Those four voltages shown are a dynamic test showing the load of the coil and secondary, not just the primary circuit. As the ignition coils are essentially high voltage transformers, remember that if you have an arc, or a load from a carbonized electrode, or an improper gap, you will see fluctuations.

    As the secondary load changes, your coil primary is linked magnetically to it. There actually was an engine management scheme tested that could monitor combustion without oxygen sensors, by this effect.

    Take the secondary lead and give it a close inspection for any signs of damage, and give it a wiggle, to see if the casing has hardened over time. The two paired ignition leads, the fronts or rears, will have the same resistance. hey are resistor wires and as such, they do break down. Changing the coil effectively changes only part of the high voltage circuit. I had a damaged boot on one of my rears; it occasionally arced, and broke down the wire. Next in line was a dead rear coil as the spark voltage rose above the coil's internal insulating capacity, cooking the coil. If I had not been curious and measured the coil wire resistance, I would have been replacing a lot of coils.

    The primary circuit is easy, as all four have the same power source, and there are four "grounding" switched leads running to the ECU. You can disconnect the ECU and with a good multimeter, read the resistance of the four driver wires. If it's only one coil with erratic readings in TuneECU, the suspect connection would be between the coil connector and the respective pin at the ECU. It should be under 0.3 ohms.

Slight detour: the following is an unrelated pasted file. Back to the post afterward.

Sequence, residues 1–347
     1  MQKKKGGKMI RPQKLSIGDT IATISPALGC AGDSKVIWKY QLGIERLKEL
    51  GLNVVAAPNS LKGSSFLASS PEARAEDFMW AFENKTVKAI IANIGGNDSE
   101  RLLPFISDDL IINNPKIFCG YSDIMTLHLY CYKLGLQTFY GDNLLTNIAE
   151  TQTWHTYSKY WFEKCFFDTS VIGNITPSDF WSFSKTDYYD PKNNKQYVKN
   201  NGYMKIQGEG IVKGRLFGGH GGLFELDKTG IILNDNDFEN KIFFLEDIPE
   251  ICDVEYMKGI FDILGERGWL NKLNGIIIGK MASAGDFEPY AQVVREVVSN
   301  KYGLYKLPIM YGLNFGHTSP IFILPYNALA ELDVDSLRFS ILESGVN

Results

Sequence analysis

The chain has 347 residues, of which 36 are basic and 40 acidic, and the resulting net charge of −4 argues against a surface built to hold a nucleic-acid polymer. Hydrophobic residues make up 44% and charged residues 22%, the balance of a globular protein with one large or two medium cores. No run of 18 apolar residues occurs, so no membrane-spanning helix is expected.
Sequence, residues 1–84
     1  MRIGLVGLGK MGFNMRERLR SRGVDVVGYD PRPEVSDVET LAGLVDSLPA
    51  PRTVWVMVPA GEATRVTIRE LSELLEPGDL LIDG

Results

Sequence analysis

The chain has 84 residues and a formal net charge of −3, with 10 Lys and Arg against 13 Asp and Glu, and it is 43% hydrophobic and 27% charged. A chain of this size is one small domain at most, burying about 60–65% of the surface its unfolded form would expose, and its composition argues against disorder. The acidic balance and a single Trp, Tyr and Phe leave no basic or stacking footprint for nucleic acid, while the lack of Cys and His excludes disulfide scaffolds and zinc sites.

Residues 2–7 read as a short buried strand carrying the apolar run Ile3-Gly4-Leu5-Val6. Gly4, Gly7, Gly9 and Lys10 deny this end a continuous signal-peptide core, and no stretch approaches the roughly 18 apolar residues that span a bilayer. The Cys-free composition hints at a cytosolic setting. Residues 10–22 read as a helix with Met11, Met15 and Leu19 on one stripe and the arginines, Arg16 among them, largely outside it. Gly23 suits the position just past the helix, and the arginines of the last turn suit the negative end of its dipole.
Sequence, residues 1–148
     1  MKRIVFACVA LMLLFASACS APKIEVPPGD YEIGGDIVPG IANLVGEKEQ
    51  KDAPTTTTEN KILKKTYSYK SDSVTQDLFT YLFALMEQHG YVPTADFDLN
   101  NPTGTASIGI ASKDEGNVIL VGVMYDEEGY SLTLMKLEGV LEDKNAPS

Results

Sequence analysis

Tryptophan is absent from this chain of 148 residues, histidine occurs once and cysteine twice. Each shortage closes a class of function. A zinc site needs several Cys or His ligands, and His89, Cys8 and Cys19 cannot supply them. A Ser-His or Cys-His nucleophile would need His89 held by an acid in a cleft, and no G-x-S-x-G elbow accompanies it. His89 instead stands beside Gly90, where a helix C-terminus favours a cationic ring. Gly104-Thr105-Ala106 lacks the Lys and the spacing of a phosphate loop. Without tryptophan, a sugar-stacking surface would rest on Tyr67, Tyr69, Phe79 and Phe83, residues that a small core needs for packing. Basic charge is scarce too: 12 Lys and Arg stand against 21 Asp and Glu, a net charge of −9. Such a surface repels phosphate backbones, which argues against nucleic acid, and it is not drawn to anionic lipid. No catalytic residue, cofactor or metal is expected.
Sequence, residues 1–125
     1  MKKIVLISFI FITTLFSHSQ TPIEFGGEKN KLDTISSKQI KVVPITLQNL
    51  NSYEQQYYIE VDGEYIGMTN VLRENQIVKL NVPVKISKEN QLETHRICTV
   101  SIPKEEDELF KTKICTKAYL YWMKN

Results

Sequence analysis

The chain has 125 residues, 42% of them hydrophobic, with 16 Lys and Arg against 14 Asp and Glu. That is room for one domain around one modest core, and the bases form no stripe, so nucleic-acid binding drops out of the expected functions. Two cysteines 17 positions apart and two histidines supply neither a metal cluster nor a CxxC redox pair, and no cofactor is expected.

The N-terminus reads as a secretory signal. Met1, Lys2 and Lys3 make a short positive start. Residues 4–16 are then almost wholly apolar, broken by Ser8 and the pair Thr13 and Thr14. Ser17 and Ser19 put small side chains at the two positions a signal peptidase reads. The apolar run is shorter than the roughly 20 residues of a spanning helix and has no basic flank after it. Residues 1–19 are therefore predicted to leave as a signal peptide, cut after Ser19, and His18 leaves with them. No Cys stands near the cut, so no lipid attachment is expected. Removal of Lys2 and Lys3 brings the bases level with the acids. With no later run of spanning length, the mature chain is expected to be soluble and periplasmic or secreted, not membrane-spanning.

The Fluke has a cool high resolution mode for low resistances as well as a zeroing function to calibrate it for the resistance of the test leads. If you are using a more basic meter, no worries. Touch the test leads together and measure the lead resistance, then add this to the wire in test. For example, if the test lead reads 0.7 ohms, and the wire reads 1.1 ohms, subtract the 0.7 from your result, yielding a measurement of 0.4.

    The HT wires on mine were something around 1-2k ohms, I test so many things it's hard to recall. Damn spare wires are laying around someplace here...